Hughes v. State

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420 So. 2d 1060 (1982)

J.T. HUGHES, Jerome Montgomery and Darnell Bumphis v. STATE of Mississippi.

No. 53460.

Supreme Court of Mississippi.

October 6, 1982.

Rehearing Denied November 10, 1982.

*1061 Gene Barton, Moffett & Thorne, Michael G. Thorne, Coleman, Breard & Walker, John R. Coleman, Tupelo, for appellants.

Bill Allain, Atty. Gen. by Robert D. Findley, Sp. Asst. Atty. Gen., Jackson, for appellee.

Before WALKER, P.J., and HAWKINS and DAN M. LEE, JJ.

HAWKINS, Justice, for the Court:

J.T. Hughes, Jerome Montgomery and Darnell Bumphis have appealed from their convictions in the Circuit Court of Lee County of aggravated assault. We affirm.

These three defendants were jointly indicted on November 26, 1979, in a two-count indictment for aggravated assault on Jules Harrison "Nick" Blanchard and Donald Ray, and following their convictions were each sentenced to serve a term of seven years on each count, to run concurrently.

Gary Gilmore's residence is next to Wade's Grocery Store, a roadside store on Highway 371 in Lee County. Blanchard, at approximately 7:30 p.m. on Saturday, September 22, 1979, left his friend Donald Ray at the Gilmore house, where they had been visiting. Ray was invited to supper at Blanchard's house, about two miles distant.

Blanchard was driving a 1972 Chevrolet pickup. Parked in the store parking lot was a 1973 Pontiac four-door sedan owned and being driven by Hughes, and in which Montgomery and Bumphis were passengers.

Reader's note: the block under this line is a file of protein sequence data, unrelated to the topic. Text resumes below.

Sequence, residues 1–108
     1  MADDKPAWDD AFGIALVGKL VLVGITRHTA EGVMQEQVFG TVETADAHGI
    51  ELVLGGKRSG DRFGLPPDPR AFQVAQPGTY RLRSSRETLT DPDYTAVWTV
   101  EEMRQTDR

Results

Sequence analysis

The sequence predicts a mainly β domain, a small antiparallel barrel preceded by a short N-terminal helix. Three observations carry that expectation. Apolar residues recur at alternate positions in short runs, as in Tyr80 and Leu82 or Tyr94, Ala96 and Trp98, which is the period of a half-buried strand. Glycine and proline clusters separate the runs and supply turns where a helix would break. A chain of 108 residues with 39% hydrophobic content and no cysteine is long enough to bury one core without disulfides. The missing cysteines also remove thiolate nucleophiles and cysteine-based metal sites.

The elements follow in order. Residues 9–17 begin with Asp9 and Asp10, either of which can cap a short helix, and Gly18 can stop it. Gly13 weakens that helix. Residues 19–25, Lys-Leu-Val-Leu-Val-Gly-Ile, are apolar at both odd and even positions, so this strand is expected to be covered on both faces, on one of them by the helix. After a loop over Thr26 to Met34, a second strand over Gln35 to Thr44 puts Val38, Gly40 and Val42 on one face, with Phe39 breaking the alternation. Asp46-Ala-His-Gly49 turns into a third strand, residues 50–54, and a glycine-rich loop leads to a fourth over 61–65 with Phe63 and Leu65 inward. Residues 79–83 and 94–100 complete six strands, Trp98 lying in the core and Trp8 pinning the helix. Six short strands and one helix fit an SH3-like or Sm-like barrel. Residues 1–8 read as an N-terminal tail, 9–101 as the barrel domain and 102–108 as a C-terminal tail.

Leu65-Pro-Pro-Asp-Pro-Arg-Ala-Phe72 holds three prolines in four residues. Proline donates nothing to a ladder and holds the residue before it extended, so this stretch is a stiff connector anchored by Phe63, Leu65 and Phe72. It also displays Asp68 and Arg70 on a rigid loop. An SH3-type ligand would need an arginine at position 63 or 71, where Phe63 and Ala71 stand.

As Blanchard backed around into the store parking lot preparatory to returning home, he and the three defendants had an exchange of some rather blunt language, the precipitation and content of which were disputed by the opposing parties. Blanchard sped away and, according to the defendants, the pickup threw gravel and broke the car's windshield.

The car followed the pickup, and Blanchard stopped, got out with a club, and two of the defendants who had also gotten out of the car, returned to the car. Blanchard got into his pickup and drove to his home.

After Blanchard reached his home, Luke Lucas and Clarice Richardson arrived to eat supper with Blanchard and his wife; shortly thereafter Ray also arrived.

The defendants claimed that they wanted Blanchard to pay for the broken windshield. In the car were a .22-caliber pistol and a 12-gauge shotgun which they claimed they had used to shoot at turtles and cans down at a creek earlier that day.

They drove to the Blanchard residence where Mrs. Blanchard asked them to leave. Blanchard got his 12-gauge shotgun, and over his wife's and friend's protest went out the back door and placed himself behind a butane gas tank located to the side of the house. From there he proceeded to a tree in front of the house. He stood behind the tree.

Mrs. Blanchard and the guests went to the front porch telling the defendants to leave.

Again, the evidence is disputed, but three pistol shots were fired, wounding Ray. Blanchard stepped from behind the tree, armed with his shotgun, and was shot in the leg by a shotgun. Montgomery fired the pistol, and Bumphis fired the shotgun.

Ray was not seriously injured, but Blanchard's would required amputation of his left leg.

Each of the defendants was represented by court appointed counsel who vigorously contested the state's proof. Charged with aggravated assault on Ray and Blanchard, the defendants claimed lawful self-defense from the apprehension of serious danger at the hands of Blanchard, who was armed with a 12-gauge pump shotgun.